The remains were recovered buried in a grave under the brush along the tree line. Officers then escorted Smoker to the scene, and within a short time, Stoltzfoos’ remains were recovered wrapped in a tarp and buried in a hole approximately 42” deep. The recovery of the remains, however, would bring additional brutal details to light on how Stoltzfoos died. The autopsy revealed that Stoltzfoos died of asphyxia as a result of strangulation and that a stab wound to the neck also contributed to her death. Stoltzfoos’ body was found wrapped in plastic which had been secured by duct tape. Her body was clothed with her hands and feet tied together with multiple bindings. A thin rope connected each of the bindings together and was looped around her neck. Her sash and apron were wrapped tightly around her face and her mouth was covered by duct tape. “Bringing Linda home was a critical component of our mission to secure justice for Linda, her family and the Amish community as a whole,” District Attorney Adams said, noting that “Allowing Linda’s family the opportunity for a proper burial provided some measure of closure and granted Linda the dignity and respect she so richly deserved. Although Linda’s recovery led us to additional painful details about the circumstances of her death – bringing her home also ensured a conviction and sentence that would protect the public from the defendant.” The Investigation The disappearance of the Amish teen was initially labeled a missing person case as law enforcement worked diligently to uncover what happened after she seemingly disappeared without a trace. Searches by local law enforcement and members of the Amish community commenced immediately with the FBI quickly joining the investigation. Investigators poured over video evidence collected from surrounding homes and businesses, and foot searches for Stoltzfoos continued by law enforcement, members of the Amish Community, and the Middle Creek Search and Rescue Team. Information about Linda Stoltzfoos was posted on fliers, billboards, social media and news reports.
The video footage, however, would lead to the break in the case. An arrest came three weeks later when Smoker was apprehended and charged with felony Kidnapping in connection with Stoltzfoos’ disappearance after investigators digitally enhanced private surveillance video and discovered footage depicting Smoker kidnapping Stoltzfoos along Beechdale Road in East Lampeter Township, Lancaster County. The camera that captured the incident was located approximately 334 yards from where Stoltzfoos was kidnapped. Searches for Stoltzfoos’ body continued after Smoker’s initial arrest but were unsuccessful. Investigators along with fifteen specialized search and rescue teams from surrounding areas spent over 15,000 man-hours searching for her remains, knowing that she had suffered harm at the hands of Smoker. In total, over 2,334 searchers covered over 10,500 acres utilizing multiple resources including drones, K-9s, horses, ATVs, submarines, helicopters and ground penetrating radar. Despite not having recovered Stoltzfoos’ body, prosecutors ultimately filed Homicide charges in December 2020, citing the passage of time, the cessation of all activities and the circumstances of her disappearance. Prosecutors cited to witness statements, video surveillance and cell phone records that showed Smoker placed Stoltzfoos in his car and eventually took her to 3104 Harvest Drive, where police later found her bra and stockings buried in the ground and containing Smoker’s DNA. Witnesses also reported seeing Smoker at his home later that afternoon cleaning the inside of his car. Witness statements also revealed that Smoker was stalking other female Amish girls in the area of the abduction on the day before the kidnapping. Evidence also revealed that within hours prior to both the stalking incidents and the abduction of Stoltzfoos, Smoker purchased alcohol and disposable gloves, as well as shoe and boot laces on the morning of the kidnapping. Throughout the entire investigation, no evidence was found to suggest that anyone else assisted Smoker with this crime. After homicide charges were lodged, the goals of prosecutors remained: bring Linda home, secure a murder conviction and ensure that Smoker is never free to harm the public again. “Factually, this case is horrific and tragic – and, thankfully, extraordinarily rare. Equally extraordinary were the efforts of law enforcement in their commitment to securing justice. Through the dogged determination of investigators and prosecutors, Linda’s attacker was identified, captured and convicted, as a result, society will be protected from Smoker for what will likely amount to the rest of his natural life,” said District Attorney Adams. The Lancaster County District Attorney’s Office would like to thank all law enforcement agencies who participated in this investigation, as well as the Lancaster County Coroner’s Office for their professionalism and assistance. The case was prosecuted by First Assistant District Attorney Todd Brown and First Deputy District Attorney Travis Anderson along with East Lampeter Police Detective Christopher Jones and Pennsylvania State Police Corporal Todd McCurdy.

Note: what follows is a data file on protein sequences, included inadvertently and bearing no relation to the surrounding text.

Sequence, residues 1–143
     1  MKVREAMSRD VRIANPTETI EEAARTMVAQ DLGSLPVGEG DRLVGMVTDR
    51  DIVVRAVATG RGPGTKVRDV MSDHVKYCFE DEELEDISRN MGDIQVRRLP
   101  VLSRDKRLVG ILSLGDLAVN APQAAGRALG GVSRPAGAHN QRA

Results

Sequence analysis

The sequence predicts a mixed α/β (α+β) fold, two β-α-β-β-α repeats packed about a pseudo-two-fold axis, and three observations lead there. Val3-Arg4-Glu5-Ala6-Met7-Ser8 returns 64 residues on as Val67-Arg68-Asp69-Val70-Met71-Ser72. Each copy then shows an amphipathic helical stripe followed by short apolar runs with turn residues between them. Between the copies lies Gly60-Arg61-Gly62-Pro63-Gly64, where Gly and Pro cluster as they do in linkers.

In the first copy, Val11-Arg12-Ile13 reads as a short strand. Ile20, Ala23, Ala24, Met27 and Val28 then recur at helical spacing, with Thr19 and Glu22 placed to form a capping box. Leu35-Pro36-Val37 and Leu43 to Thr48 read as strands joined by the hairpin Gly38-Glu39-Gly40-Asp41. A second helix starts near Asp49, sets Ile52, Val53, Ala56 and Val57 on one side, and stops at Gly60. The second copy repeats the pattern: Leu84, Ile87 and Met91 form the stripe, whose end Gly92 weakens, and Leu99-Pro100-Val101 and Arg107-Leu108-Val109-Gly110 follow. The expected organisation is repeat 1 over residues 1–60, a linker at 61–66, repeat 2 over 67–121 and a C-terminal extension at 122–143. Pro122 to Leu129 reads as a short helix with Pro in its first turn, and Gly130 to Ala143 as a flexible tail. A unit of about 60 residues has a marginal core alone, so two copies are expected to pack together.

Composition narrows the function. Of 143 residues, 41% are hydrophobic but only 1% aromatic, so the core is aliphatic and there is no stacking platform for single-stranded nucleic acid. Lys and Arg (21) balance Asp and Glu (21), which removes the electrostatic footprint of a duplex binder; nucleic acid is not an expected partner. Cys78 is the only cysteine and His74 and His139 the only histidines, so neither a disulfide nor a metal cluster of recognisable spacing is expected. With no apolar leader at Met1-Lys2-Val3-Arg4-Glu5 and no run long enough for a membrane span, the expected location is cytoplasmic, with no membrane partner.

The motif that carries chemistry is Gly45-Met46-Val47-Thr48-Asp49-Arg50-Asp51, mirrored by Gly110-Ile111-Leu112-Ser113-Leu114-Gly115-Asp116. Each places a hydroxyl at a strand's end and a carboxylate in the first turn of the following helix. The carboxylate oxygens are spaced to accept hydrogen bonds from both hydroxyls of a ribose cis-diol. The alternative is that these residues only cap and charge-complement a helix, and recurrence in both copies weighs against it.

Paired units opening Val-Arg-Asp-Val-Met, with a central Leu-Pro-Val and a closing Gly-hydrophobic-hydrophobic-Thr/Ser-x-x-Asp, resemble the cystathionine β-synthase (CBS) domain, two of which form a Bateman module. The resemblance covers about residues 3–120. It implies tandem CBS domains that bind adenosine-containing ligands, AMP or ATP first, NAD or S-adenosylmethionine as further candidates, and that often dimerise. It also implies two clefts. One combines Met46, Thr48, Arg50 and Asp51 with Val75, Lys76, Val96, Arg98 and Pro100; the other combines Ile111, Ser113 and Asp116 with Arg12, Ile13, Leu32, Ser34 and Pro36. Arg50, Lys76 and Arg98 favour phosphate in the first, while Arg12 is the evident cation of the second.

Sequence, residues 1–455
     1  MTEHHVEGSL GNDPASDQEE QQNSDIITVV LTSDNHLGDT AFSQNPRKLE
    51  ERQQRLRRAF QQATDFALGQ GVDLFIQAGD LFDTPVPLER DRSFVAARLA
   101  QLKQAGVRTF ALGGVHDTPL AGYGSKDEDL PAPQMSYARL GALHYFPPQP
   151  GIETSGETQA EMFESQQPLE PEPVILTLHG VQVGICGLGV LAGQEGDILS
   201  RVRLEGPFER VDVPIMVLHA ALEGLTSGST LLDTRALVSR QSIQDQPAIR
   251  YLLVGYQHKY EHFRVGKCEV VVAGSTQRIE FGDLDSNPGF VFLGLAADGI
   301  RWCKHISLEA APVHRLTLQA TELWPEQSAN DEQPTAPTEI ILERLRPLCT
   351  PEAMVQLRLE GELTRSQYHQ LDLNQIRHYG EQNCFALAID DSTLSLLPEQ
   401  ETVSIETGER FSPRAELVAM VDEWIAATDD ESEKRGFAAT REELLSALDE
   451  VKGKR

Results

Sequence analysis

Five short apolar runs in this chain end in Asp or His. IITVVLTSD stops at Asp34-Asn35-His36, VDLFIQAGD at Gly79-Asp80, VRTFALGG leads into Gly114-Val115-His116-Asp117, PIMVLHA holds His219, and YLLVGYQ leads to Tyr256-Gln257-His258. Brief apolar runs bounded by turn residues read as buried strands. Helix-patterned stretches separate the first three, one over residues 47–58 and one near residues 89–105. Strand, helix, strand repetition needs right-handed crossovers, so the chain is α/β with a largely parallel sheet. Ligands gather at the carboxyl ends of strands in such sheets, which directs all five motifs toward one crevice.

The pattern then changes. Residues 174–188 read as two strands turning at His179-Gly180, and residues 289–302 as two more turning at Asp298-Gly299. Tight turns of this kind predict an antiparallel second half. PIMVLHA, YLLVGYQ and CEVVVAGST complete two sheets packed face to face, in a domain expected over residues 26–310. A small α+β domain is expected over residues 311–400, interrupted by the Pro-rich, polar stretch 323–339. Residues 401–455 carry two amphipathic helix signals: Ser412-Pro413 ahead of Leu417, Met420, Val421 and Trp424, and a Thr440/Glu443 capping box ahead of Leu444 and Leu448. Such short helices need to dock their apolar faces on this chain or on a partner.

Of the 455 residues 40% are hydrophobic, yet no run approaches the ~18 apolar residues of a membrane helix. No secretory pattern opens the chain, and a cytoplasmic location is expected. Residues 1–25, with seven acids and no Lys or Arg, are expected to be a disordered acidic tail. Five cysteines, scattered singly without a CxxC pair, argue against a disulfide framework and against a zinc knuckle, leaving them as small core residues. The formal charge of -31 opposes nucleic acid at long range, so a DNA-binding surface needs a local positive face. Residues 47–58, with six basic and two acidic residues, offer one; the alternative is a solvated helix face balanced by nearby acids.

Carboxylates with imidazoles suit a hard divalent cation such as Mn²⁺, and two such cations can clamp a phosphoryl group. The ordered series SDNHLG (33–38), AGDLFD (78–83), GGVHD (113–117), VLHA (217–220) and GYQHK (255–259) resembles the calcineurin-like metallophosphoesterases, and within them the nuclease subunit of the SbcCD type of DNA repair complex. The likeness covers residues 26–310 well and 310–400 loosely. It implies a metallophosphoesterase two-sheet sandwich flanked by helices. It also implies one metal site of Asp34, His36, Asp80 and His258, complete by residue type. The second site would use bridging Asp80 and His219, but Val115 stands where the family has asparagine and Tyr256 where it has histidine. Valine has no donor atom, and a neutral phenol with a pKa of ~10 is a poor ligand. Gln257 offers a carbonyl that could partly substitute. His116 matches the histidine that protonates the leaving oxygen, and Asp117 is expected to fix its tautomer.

Source: Lancaster County District Attorney’s Office